Tough times continue

Just when state lawmakers and Gov. Jim Gibbons thought they could put away their red pens, the Gaming Control Board reported Thursday that casino tax collections from last month fell 22.8 percent when compared with June 2007 — the state’s worst year-over-year drop in gaming taxes in at least a decade.

Prior to last month’s special legislative session, Democratic lawmakers believed many spending reductions weren’t necessary because tax collections, led by gaming revenues, would soon rebound. As it turns out, even Gov. Gibbons and the state’s Economic Forum weren’t pessimistic enough. For the fiscal year that ended June 30, gaming tax collections came in about $15 million below what was projected just a few weeks ago.

“This is an incredibly difficult time for the state of Nevada, and it appears that we may need to prepare for an additional shortfall to our general fund for the fiscal year that just began,” Gov. Gibbons said in a statement.

Naturally, the news that Nevada’s government might have to continue cutting back, just as businesses and workers will, sent Democrats into a tax-hiking tizzy.

“We can’t keep going on like this,” Reno Assemblywoman Sheila Leslie whined. “I don’t think most rational people oppose taxes. Paying taxes is the price of living in Nevada. Taxes are not evil.”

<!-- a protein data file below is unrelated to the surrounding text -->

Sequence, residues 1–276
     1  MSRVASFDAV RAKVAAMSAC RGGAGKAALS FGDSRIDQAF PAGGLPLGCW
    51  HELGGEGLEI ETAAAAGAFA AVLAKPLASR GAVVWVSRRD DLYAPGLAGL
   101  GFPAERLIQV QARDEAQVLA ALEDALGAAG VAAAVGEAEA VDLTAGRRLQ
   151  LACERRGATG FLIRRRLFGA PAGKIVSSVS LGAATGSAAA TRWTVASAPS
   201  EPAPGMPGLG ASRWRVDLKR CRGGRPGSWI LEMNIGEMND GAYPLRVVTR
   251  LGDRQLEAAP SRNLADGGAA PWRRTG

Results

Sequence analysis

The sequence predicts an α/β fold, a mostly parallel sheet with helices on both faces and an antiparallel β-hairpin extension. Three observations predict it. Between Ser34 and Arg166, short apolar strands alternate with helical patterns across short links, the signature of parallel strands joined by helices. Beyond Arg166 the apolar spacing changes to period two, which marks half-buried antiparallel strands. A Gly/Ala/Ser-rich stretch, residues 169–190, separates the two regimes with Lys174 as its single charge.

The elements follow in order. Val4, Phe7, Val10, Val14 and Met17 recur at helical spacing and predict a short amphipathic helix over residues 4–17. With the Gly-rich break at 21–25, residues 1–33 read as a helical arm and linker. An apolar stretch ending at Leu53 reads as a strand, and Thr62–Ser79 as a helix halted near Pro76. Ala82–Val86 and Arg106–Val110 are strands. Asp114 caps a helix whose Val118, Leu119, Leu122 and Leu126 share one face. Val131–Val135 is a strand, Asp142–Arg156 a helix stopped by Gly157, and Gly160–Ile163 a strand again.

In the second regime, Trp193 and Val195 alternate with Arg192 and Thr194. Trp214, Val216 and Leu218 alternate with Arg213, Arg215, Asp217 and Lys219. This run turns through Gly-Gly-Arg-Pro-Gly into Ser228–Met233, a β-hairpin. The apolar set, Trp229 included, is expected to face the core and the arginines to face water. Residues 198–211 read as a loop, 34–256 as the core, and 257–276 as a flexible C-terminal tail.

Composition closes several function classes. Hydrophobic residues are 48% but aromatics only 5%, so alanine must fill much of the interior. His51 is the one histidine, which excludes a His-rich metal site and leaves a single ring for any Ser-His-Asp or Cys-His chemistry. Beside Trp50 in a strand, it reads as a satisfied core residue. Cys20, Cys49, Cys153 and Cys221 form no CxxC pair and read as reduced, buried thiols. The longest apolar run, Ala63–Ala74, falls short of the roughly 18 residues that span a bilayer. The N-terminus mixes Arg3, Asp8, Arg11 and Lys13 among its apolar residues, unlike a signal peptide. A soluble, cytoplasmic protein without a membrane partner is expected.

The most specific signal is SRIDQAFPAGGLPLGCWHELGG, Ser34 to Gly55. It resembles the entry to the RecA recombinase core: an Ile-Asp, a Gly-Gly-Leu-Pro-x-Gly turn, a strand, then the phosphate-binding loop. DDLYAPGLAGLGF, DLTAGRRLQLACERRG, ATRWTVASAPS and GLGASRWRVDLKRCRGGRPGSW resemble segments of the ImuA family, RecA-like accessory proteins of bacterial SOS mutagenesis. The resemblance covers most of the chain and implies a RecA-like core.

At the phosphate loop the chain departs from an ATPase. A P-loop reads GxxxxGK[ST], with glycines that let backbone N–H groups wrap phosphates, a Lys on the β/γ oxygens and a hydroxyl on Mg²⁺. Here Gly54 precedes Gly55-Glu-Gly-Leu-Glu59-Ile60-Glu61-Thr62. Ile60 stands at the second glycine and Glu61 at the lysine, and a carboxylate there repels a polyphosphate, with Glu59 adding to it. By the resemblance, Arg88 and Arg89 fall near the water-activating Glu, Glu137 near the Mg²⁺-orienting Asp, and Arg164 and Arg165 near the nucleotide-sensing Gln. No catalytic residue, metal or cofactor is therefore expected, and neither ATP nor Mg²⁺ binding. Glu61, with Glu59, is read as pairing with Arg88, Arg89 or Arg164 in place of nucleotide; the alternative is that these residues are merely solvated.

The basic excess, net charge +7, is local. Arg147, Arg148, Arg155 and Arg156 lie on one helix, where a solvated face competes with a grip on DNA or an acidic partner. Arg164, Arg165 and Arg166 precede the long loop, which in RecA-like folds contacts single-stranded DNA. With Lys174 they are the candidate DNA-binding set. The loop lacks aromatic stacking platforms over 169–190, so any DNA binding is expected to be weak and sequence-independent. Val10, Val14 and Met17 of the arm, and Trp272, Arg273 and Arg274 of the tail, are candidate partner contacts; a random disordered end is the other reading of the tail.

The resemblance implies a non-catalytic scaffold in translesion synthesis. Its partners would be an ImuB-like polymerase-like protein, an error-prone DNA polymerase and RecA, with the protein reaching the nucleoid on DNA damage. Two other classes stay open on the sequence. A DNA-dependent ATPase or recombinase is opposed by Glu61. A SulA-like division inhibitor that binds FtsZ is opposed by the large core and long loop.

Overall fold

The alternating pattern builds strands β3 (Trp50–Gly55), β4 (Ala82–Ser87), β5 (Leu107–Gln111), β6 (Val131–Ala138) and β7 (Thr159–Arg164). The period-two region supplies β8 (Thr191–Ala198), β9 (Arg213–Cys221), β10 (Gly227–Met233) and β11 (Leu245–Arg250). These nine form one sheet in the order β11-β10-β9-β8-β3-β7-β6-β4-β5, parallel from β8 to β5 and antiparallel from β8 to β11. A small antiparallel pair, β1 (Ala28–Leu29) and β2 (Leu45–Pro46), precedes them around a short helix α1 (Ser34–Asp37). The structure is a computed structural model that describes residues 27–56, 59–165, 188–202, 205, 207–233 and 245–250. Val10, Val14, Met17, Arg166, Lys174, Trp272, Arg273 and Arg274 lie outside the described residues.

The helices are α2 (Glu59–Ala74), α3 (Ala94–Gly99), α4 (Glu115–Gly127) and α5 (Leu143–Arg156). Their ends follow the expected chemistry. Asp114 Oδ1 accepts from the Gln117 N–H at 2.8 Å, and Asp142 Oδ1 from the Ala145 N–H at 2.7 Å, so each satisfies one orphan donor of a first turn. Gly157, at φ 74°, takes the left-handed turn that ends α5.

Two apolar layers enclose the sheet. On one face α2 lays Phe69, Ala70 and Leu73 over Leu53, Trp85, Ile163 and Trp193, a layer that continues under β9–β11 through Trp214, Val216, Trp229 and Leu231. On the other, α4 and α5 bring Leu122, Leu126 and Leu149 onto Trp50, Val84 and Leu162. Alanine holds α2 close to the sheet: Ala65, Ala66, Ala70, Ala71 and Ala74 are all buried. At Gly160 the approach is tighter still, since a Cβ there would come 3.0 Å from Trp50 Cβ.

No, most rational people oppose more taxes. Most rational people know that Ms. Leslie and her peers just preserved 8 percent pay raises for many members of the state government’s work force. Most rational people know the state already is on the hook for $10 billion worth of public employee retirement benefits that it has no way to pay for. Most rational people know they’ll get nothing in return for handing over even more of their shrinking buying power.

Raising taxes during a struggling economy is the single worst idea being bandied about by the political class. After an unprecedented four-year spending spree, state government will have to learn to make do with less.

That means zero-growth budgets for the coming biennium. No new frills. No generous pay raises. No new welfare programs or benefits. To accommodate any growth in public school enrollment, some agencies will have to make further sacrifices.

Nevada’s once-vibrant economy will return sooner if the state learns to live within its means.

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